Mental Health 101
Risk factors and causes of mental health problems
There is no single cause for most mental health problems. In fact, the causes are varied and complex. They result from interactions between biology, genetics, family and social environments and economic factors (MHCC, 2009). There are relationships between a person’s mental health, past traumas, biology/physical health and social environment (i.e., the social determinants of health, which will be explained later in the tutorial).
Click each cause below to learn more.
Traumatic experiences can be any negative experience that deeply affects a person. They are unsettling and impact a person’s ability to adapt to the normal stresses of life. Traumatic experiences could include being in a car accident, witnessing terrible events, being abused or living through a natural disaster or a war. Trauma, especially in childhood, causes health disparities. It is a root cause of adult disease and high-risk behaviours. Trauma is more likely to affect the most vulnerable people and populations (Kimberg, 2016).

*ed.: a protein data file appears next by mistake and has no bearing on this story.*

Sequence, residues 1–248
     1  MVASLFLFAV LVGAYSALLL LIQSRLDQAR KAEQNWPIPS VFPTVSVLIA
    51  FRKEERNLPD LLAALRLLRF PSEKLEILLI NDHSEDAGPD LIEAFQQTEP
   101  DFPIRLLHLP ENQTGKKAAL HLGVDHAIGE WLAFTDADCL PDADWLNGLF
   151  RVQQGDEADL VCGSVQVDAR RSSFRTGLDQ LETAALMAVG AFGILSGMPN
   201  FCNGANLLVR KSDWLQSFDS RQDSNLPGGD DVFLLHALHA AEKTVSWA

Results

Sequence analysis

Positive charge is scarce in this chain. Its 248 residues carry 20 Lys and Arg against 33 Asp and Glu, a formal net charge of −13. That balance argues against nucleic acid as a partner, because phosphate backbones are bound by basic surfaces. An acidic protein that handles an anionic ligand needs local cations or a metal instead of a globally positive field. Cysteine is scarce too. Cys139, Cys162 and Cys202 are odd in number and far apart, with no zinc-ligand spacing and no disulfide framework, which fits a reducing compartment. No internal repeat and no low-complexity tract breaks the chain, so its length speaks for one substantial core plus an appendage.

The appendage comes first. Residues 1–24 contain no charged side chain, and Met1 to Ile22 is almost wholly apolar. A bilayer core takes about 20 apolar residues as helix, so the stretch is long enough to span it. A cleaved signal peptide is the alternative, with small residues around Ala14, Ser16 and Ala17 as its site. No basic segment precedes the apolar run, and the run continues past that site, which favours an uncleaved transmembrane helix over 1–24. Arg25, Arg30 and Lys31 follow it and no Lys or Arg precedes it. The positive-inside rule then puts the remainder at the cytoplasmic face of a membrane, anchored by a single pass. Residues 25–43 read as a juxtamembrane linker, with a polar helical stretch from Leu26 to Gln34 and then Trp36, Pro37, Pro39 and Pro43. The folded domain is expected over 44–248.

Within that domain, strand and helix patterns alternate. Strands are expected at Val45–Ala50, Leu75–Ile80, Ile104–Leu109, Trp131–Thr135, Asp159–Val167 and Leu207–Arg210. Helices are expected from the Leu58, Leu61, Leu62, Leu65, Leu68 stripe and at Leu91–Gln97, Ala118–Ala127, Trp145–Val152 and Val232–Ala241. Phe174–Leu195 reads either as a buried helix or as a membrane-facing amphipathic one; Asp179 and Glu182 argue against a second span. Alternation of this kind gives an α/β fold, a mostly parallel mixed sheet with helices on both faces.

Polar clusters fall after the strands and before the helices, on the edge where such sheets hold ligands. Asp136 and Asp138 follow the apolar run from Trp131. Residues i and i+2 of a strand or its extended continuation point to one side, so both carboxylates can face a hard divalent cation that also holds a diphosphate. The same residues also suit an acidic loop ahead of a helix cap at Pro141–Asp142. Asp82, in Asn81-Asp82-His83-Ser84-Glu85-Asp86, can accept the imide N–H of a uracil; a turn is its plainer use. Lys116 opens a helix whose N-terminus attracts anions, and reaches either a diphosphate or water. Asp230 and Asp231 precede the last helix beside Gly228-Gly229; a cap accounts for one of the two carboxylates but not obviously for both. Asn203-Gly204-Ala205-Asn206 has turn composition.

It is important to recognize the possibility that anyone could have past trauma (Kimberg, 2016). In fact, for clients in a clinical practice or service, the rates of trauma can be as high as 80 to 90 per cent (Saunders & Adams, 2014).
If someone is experiencing mental health problems, it is important to examine their physical health as well. The brain and the body are connected. There are many physical conditions that can affect a person’s mental health. For instance, depression is both a cause and an effect of physical illness. People with depression are two times more likely to have a stroke and 1.5 times more likely to develop cancer. On the other hand, 17 to 27 per cent of people with heart disease and 22 to 29 per cent of people with cancer develop depression (MDSC, 2013).